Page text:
Connecticut Attorney General's Office

Press Release

Attorney General Seeks From First Niagara, NewAlliance Additional Information, Justification For Proposed Merger

September 1, 2010

            Attorney General Richard Blumenthal today wrote First Niagara and NewAlliance banks asking them to provide information on and justification for their proposed merger.

            Under Connecticut law, the state Department of Banking may only approve bank mergers that benefit Connecticut’s economy and the public, Blumenthal said in releasing the letter.

            “My focus is particularly on jobs and small businesses -- whether people will lose jobs or businesses sources of lending -- and the economy in general,” Blumenthal said. “I am also concerned about the availability of mortgages, and foreclosure and debt relief to homeowners as well as possible abusive credit card and overdraft fee practices and decision-making responsive to local businesses and community needs.”

            Blumenthal’s office is already investigating the proposed merger.

            The letter states, “I believe the proposed merger raises significant and far reaching legal and public policy issues, including its effect on Connecticut jobs, and our economy, as well as community banking -- in short, it’s potential adverse impacts as compared to any benefits to the public.


“I appreciate First Niagara’s public commitment to community focused banking. These words must be matched by actual business practices.”

Blumenthal requests include:

·         A list of jobs that may be lost or branches that may close as a result of the merger;

·         New products and service that the new bank will offer Connecticut consumers and businesses that NewAlliance does not offer now, as well as other benefits to consumers and businesses, especially small businesses, resulting from a merger;

·         The new bank’s plans for providing credit to consumers, homeowners and businesses, especially small businesses;

·         Whether loan decisions will continue to be made locally and whether the merged bank will have a program to assist Connecticut consumers seeking to avoid foreclosure. First Niagara’s website currently provides no such assistance;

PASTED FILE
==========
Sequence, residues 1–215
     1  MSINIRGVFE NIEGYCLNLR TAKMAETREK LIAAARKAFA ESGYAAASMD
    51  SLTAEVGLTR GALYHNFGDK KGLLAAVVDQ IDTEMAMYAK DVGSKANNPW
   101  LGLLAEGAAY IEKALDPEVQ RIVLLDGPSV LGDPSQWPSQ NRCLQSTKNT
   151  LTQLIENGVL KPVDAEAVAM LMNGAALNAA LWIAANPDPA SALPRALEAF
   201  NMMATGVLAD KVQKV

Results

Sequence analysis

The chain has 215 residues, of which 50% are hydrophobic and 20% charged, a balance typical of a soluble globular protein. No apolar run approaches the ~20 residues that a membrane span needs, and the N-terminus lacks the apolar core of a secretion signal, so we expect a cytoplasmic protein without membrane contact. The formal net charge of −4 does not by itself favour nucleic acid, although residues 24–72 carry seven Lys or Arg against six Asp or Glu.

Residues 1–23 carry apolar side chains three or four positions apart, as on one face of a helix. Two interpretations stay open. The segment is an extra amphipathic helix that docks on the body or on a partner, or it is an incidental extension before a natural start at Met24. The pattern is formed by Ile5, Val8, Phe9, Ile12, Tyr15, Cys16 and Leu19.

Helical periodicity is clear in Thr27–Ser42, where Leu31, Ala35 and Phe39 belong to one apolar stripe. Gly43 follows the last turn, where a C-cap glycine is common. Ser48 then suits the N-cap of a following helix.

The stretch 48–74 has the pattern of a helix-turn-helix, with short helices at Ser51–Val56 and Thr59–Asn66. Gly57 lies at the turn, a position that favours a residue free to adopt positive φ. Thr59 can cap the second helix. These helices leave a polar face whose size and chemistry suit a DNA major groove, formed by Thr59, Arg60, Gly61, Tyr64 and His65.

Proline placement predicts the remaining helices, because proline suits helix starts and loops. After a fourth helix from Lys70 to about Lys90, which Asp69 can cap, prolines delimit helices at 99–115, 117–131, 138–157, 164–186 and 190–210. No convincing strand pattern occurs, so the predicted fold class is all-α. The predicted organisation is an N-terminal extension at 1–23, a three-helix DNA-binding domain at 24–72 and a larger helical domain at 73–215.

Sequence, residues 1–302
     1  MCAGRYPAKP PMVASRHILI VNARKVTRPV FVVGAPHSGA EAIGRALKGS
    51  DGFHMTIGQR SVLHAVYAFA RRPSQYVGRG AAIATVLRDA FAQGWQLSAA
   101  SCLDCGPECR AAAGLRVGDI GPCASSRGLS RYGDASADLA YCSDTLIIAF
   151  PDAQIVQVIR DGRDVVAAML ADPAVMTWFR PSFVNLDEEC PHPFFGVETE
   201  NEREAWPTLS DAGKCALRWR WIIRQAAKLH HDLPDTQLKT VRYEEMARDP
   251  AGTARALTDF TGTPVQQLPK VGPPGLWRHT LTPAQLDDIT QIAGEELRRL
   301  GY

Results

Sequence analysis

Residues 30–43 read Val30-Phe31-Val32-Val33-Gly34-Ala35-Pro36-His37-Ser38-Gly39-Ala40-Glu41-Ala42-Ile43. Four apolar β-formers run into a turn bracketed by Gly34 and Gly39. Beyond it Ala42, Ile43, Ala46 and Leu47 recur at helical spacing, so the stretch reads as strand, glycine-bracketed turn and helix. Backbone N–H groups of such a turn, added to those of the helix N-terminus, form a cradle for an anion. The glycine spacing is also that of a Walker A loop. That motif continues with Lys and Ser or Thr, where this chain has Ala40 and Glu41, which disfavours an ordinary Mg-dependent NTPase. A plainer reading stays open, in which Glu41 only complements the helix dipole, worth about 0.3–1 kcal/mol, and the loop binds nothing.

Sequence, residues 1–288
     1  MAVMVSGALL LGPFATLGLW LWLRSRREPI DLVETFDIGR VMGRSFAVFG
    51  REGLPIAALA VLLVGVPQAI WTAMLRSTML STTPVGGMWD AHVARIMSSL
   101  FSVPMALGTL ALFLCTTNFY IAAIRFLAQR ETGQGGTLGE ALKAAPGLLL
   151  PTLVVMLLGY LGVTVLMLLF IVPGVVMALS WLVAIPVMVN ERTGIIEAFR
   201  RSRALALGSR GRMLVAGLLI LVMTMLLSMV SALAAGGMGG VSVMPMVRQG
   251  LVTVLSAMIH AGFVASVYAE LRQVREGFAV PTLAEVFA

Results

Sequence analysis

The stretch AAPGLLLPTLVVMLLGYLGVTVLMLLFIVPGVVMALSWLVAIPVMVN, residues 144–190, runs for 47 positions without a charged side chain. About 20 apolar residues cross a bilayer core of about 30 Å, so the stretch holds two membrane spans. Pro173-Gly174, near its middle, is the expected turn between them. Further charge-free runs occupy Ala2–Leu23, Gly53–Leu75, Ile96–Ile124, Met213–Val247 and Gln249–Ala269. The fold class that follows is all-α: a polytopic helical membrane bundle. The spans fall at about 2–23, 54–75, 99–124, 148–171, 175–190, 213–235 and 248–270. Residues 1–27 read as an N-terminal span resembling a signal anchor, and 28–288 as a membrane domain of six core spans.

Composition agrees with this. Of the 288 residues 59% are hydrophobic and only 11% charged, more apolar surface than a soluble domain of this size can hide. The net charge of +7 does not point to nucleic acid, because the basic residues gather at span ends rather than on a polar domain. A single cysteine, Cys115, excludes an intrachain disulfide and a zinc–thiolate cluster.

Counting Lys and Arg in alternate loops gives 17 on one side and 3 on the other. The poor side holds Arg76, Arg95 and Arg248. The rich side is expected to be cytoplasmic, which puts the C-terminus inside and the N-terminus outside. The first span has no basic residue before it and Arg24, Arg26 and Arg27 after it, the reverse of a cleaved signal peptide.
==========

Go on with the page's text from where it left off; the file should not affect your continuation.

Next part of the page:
·         A full accounting of all executive and shareholder compensation resulting from the merger, as well as a justification for the payouts and an explanation of how they benefit Connecticut’s economy and consumers;

·         First Niagara’s credit card and overdraft fee practices and policies;

·         The new bank’s compliance with the Community Reinvestment Act, commitment to banking services for low and moderate income communities and planned donations to local charities.

Blumenthal noted in his letter that New Haven Savings converted in 2003 from a mutual bank, which is owed by depositors and operates in their interest, to the stockholder-owned institution that became NewAlliance. Blumenthal said he expressed concern at the time that the New Haven Savings Bank was restructured not to better serve the community and its customers, but to make itself an attractive takeover target for bigger banks. 

Blumenthal said in his letter, “According to your filings with the Securities and Exchange Commission, First Niagara has completed nine major acquisitions since 1999 that have significantly expanded the size and scope of First Niagara.

            “The information I seek is necessary to determine whether First Niagara’s move into Connecticut is primarily designed to serve Connecticut consumers or help Connecticut communities and businesses grow or, rather, to make First Niagara an attractive target for yet an even larger bank with even less connection and commitment to Connecticut consumers and communities. A larger bank may benefit bankers, but not necessarily the public, or comply with sound public policy as Connecticut law requires.

   View the entire letter to NewAlliance and First Niagara - (PDF-972KB)